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Thread Subject:
Matrix matching

Subject: Matrix matching

From: charles atlas

Date: 13 Aug, 2009 17:55:30

Message: 1 of 13

I have two data sets
A =
1 23 345
1 45 636
1 65 672
2 26 985
2 86 350
3 34 452
3 98 768
3 56 665
3 39 445
4 34 678
5 65 123
5 17 435
5 78 198
6 23 234
6 44 760

B =
1 23 345
1 45 636
1 65 672
2 26 985
2 86 350
3 34 452
3 98 768
3 56 665
3 39 445
4 34 678
5 65 123
5 17 435
5 78 198
6 23 234
6 44 760

Obviously these two data sets are the same.
However, sometimes I will have two data sets that are slightly off where A would have one two or three less rows than B or vice versa as shown:
A =
1 23 345
1 45 636
1 65 672
2 26 985
2 86 350
3 34 452
3 98 768
3 56 665
3 39 445
4 34 678
5 65 123
5 17 435
5 78 198
6 23 234
6 44 760

B =
1 23 345
1 45 636
2 26 985
2 86 350
3 34 452
3 98 768
3 56 665
4 34 678
5 65 123
5 17 435
5 78 198
6 23 234
6 44 760

What I would like to do is make it so that they have the same number of rows (possibly by inserting a row of zeros) anytime this problem occurs.
Final result would look like this:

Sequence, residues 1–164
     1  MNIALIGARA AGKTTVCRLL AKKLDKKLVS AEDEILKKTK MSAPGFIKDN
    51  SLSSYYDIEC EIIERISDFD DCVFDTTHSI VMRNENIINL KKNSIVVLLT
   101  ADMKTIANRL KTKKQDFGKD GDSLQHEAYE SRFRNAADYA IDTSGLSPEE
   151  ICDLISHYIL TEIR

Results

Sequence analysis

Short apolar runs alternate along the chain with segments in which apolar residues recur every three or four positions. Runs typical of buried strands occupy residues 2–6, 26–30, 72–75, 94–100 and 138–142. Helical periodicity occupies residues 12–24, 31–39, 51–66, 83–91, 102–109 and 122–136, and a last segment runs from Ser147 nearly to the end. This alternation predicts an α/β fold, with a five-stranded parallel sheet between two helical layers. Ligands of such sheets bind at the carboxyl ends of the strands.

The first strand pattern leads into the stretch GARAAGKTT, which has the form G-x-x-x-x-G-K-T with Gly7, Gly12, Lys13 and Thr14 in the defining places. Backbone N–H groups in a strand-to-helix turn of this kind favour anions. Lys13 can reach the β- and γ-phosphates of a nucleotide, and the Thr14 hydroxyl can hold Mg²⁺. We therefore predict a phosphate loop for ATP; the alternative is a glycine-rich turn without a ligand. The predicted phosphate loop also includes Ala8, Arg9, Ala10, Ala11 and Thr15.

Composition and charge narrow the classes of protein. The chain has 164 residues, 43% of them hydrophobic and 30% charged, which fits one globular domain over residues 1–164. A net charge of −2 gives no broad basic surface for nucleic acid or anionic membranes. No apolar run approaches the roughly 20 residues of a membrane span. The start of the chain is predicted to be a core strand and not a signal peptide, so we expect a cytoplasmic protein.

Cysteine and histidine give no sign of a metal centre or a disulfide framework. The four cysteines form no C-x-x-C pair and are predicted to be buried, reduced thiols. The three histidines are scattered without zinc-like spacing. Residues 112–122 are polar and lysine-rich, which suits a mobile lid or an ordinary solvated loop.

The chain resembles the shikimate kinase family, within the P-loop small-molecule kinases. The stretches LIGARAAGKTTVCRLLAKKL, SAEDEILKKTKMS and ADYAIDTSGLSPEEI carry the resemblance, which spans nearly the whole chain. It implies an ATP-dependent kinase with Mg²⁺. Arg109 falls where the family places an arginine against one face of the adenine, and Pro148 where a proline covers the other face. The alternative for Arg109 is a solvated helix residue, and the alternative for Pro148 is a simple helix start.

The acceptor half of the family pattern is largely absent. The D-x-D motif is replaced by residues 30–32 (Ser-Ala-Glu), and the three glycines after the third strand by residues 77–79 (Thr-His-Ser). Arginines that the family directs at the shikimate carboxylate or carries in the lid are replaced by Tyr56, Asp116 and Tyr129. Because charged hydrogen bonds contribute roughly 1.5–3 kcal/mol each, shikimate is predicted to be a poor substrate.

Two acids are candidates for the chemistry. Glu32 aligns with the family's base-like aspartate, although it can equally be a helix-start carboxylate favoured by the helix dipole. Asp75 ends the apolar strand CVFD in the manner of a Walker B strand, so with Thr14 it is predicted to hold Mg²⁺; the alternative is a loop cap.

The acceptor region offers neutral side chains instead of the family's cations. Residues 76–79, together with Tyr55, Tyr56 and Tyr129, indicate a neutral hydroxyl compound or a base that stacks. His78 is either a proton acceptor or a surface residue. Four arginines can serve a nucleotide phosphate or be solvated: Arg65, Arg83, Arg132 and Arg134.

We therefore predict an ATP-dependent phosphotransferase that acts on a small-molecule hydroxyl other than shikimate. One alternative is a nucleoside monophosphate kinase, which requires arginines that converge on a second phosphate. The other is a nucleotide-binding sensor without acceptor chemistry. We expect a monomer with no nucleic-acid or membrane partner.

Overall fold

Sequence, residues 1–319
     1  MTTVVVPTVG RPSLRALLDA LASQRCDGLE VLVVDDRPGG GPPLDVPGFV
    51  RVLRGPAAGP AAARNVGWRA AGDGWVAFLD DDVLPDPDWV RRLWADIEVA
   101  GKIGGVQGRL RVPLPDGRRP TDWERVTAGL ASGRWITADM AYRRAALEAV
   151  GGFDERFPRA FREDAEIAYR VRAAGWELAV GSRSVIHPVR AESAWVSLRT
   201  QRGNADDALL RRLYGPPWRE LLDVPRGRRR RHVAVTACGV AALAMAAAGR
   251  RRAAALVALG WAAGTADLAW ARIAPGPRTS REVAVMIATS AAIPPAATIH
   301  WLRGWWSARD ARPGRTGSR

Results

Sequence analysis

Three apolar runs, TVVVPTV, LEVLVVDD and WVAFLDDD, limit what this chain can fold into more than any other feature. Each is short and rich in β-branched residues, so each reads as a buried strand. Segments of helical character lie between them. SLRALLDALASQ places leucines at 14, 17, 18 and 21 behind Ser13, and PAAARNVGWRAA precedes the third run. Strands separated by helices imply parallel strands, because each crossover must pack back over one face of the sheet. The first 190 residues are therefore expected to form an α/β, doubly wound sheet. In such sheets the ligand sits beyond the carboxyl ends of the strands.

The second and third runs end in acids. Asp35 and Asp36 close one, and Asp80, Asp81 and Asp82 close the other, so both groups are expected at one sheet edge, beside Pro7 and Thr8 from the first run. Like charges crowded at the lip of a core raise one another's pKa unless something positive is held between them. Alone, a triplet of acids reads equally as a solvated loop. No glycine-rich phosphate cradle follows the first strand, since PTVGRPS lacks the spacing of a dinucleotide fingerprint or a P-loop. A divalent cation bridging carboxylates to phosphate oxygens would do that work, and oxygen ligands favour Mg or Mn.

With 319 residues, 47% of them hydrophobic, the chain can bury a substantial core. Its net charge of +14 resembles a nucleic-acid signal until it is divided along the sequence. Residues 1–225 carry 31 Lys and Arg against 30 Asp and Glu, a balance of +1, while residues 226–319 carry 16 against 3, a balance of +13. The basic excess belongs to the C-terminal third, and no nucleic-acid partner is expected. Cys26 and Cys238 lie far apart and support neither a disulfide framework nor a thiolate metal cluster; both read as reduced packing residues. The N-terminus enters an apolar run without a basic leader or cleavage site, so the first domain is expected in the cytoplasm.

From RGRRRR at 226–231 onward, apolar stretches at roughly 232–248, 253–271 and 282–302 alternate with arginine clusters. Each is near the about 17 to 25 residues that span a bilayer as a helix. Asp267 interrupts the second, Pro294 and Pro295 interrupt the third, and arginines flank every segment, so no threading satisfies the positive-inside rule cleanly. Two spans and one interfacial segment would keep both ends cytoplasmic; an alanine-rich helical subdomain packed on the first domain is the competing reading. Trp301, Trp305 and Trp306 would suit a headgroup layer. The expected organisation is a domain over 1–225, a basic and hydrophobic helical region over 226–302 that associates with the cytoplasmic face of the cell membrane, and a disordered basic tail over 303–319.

A =
1 23 345
1 45 636
1 65 672
2 26 985
2 86 350
3 34 452
3 98 768
3 56 665
3 39 445
4 34 678
5 65 123
5 17 435
5 78 198
6 23 234
6 44 760

B =
1 23 345
1 45 636
0 00 000
2 26 985
2 86 350
3 34 452
3 98 768
3 56 665
0 00 000
4 34 678
5 65 123
5 17 435
5 78 198
6 23 234
6 44 760

If anyone knows how to do this, Help is greatly appreciated
-Charlie

Subject: Matrix matching

From: us

Date: 13 Aug, 2009 18:30:21

Message: 2 of 13

"charles atlas"
> If anyone knows how to do this, Help is greatly appreciated
> -Charlie

to stupidly copy/paste hundreds of lines of idiosyncratic and (therefore) useless data into this NG is considered unintelligent behavior by most CSSMers...
come up with a small input/output sample...

us

Subject: Matrix matching

From: charles atlas

Date: 13 Aug, 2009 19:09:02

Message: 3 of 13

"us " <us@neurol.unizh.ch> wrote in message <h61m3t$kcd$1@fred.mathworks.com>...
> "charles atlas"
> > If anyone knows how to do this, Help is greatly appreciated
> > -Charlie
>